BK's Thoughts Team Foundation Server

In my wandering I have discovered Microsoft's Team Foundation Server. As I write code at home TFS appears to be an ideal solution. I can create a single user within their website and not have to deal with managing my own repository. One place to begin learning about TFS is here: Get Started For Free

The explanation starts well. Users like myself can establish and account for up to five programmers without paying a fee. In my case, when I learn how to use this, I will recommend it for installation at work. The plan there is to purchase a full up license and install it on our systems that must be completely isolated from the outside world.

However, this has not worked out so well. After many attempts I have been unable to figure out how to use it. Following the procedure and steps on their web page leads me in circles and does not work out well. I have posted multiple questions on their forums. While some posts have resulted in useful answers, critical items remain unanswered.

Getting Started

How do I get started? When following the instructions found at the Get Started For Free link, I find myself in a circular path of links and pages, none of which outright say "Do this." The series of pages visited becomes a bit complex. The steps are documented in a Microsoft Word document with screen captures. Here is a link to that document I wrote.
TFS Get Started
It is saved with version tracking on. Hopefully someone will say: In step X do this instead.

Here is a link to the latest post in the msdn forum that provides that link to the reader. Here

Map an Aritrary Directory into Source Control.

Visual Studio provides a method in which code from outside of a solution can be incorporated into a project. To access this feature, display the Solution Explorer and right click on a project. Select Properties. On the left side select C/C++ and At the top is Additional Include Directories. Edit in the location of your external source code. OK out of the dialogs.

Back in Solution Explorer, right click on Header Files or Source Files and add an exiting item. Navigate to the new item in the just selected directory and add it. Now multiple solutions and projects can share that code.

To make this discussion more readable, I present the name and directories used on my computer. The solution is found here: E:\CODE\Common_Code_Test_Utilities. This is a solution that currently contains one project: Test_C_Log_Writer.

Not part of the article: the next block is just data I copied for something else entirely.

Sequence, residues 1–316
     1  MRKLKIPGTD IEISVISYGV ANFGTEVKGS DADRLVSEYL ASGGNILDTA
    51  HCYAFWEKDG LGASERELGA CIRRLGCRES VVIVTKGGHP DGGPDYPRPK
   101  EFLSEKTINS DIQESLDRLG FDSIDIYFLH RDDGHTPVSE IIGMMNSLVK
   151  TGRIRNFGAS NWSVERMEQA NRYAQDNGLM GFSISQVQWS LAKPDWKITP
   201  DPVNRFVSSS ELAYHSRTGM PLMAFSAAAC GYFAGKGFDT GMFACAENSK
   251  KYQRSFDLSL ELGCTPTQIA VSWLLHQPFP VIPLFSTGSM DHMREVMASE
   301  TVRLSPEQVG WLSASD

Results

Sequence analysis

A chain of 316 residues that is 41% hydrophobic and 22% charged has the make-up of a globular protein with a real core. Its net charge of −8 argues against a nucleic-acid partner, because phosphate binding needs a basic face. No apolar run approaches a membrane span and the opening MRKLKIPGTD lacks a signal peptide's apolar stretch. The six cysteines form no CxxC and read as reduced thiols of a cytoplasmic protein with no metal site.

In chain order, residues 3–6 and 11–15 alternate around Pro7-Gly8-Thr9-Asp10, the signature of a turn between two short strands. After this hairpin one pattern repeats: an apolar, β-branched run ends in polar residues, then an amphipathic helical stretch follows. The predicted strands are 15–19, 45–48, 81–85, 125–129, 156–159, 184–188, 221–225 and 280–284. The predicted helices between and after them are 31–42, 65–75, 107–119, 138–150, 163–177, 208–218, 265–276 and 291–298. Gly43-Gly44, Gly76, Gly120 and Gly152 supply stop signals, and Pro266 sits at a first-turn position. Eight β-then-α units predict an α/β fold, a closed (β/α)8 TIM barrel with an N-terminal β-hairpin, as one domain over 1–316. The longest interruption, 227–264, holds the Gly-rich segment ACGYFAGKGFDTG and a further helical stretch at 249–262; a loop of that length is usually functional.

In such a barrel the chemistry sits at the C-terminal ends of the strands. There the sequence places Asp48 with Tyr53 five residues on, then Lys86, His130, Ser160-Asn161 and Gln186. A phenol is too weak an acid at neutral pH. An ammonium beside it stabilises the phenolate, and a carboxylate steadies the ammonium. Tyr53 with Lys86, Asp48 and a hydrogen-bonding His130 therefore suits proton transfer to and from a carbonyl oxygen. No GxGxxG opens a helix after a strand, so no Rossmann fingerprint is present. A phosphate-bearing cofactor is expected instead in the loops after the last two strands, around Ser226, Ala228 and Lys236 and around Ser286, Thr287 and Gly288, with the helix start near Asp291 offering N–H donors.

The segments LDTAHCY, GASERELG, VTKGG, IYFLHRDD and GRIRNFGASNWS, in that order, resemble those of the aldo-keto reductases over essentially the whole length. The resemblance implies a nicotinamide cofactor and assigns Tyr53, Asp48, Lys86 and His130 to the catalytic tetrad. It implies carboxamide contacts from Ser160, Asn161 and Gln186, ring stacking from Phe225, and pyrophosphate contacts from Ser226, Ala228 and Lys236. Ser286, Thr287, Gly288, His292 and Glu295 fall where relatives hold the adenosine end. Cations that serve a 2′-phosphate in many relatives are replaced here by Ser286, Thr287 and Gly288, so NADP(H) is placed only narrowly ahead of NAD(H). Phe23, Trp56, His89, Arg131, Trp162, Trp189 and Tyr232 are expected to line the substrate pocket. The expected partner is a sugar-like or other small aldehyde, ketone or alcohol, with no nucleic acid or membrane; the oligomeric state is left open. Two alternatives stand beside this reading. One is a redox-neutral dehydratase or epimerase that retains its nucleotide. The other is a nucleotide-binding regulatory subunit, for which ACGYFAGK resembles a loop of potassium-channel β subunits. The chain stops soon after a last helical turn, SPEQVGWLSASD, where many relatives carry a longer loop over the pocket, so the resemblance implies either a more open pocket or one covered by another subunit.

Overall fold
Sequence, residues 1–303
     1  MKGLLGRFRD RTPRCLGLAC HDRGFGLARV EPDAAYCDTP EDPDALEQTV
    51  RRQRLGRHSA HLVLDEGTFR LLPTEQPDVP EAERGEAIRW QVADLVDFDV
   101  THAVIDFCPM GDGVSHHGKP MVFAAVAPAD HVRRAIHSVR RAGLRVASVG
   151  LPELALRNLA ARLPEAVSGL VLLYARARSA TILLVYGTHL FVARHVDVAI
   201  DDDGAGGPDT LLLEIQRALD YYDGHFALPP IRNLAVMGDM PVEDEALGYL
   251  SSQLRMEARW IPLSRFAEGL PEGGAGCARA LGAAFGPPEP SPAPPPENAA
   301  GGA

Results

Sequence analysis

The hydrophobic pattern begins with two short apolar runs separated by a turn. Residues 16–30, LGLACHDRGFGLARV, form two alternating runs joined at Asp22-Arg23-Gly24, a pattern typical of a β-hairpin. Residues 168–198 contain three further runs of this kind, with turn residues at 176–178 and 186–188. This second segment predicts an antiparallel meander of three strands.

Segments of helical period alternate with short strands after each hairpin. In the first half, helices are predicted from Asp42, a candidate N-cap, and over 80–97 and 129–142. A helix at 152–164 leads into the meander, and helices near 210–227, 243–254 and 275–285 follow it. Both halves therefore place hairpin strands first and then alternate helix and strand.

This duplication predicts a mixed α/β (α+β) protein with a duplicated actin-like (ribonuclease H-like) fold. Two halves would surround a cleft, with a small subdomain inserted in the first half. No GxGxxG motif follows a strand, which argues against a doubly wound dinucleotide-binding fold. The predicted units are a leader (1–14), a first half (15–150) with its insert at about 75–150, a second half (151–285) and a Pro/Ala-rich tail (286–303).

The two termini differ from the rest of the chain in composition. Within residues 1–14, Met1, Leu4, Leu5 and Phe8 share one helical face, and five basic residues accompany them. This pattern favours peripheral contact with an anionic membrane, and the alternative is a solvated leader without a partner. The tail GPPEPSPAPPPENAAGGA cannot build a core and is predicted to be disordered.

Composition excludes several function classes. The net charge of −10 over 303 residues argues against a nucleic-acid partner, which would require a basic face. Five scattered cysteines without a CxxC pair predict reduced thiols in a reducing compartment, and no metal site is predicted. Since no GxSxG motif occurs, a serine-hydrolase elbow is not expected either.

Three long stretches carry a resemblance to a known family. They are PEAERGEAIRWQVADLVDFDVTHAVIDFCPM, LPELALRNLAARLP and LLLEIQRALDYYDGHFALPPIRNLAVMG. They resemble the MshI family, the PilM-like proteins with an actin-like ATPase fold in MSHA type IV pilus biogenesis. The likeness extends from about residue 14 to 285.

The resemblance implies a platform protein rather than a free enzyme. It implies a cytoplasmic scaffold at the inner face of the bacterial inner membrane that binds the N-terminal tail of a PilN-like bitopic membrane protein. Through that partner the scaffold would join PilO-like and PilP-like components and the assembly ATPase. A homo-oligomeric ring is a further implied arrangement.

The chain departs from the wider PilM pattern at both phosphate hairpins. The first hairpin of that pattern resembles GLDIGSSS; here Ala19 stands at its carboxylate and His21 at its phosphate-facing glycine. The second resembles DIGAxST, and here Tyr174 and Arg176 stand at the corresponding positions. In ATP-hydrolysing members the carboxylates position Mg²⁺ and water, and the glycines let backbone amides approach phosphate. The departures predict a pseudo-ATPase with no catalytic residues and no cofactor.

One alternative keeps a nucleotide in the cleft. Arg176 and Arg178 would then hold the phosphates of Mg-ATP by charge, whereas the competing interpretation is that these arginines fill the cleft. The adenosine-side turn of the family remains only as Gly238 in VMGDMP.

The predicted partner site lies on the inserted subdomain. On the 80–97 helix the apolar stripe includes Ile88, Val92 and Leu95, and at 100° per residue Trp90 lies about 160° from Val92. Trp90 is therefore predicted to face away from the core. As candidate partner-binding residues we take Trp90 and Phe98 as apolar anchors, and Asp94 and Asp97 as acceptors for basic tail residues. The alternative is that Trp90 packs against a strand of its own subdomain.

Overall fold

Directory E:\CODE\COMMON_CODE contains the files C_Log_Writer.h and C_Log_Writer.cpp. Together these two files constitute a class of the same name. It is a utility that will write data to a log file. I use it in multiple projects. It does not contain a solution, just the various utilities that can be used in any solution.

I started a thread on this particular topic here: Here. The title is: map an arbitrary directory to TFS in the cloud The replies received have NOT provided a method to do this. In my son so humble opinion, this is a Major Shortfall of TFS.

Disassociation with TFS

At some time we will have a need to disolve the relationship between our projects and the Microsoft Team Foundation Server. I avoid contrived situations and go directly to the point. I started a thread on this topic Here. The title is Remove all source control references from a solution / project. The first reply provided some advice and referenced two links. One was a thread from a forum at stackoverflow.com and the other is blog entry from www.falconwebtech.com. They both discussed editing the dot sln file to remove the TFS reference. The latter linked to an executable program found on codeplex.com. I ran it and it complained about an unhandled exception. The link from my solution/project to TFS was not disolved. When that solution is opened it continues to complain and puts this notice in the Output window:

The mappings for the solution could not be found. The active solution has been temporarily disconnected from source control because the server is unavailable. To attempt to reconnect to source control, close and then re-open the solution when the server is available. If you want to connect this solution to another server, use the Change Source Control dialog.

Both the links refer to a solution outside of TFS. The end result is that TFS has no method to remove the connection between a solution on your computer and the TFS server. I find this to be a significant omission.


Dear reader: If you understand my problems and know how to resolve them, please post in the MSDN forum or send an email to me as noted here. For email, send to "online" followed by the at symbol and the domain of this web page, bkelly dot ws. A short and very simple email address. The reader may download the MS Word file, edit, and send that. I will post results here.

9 March 2014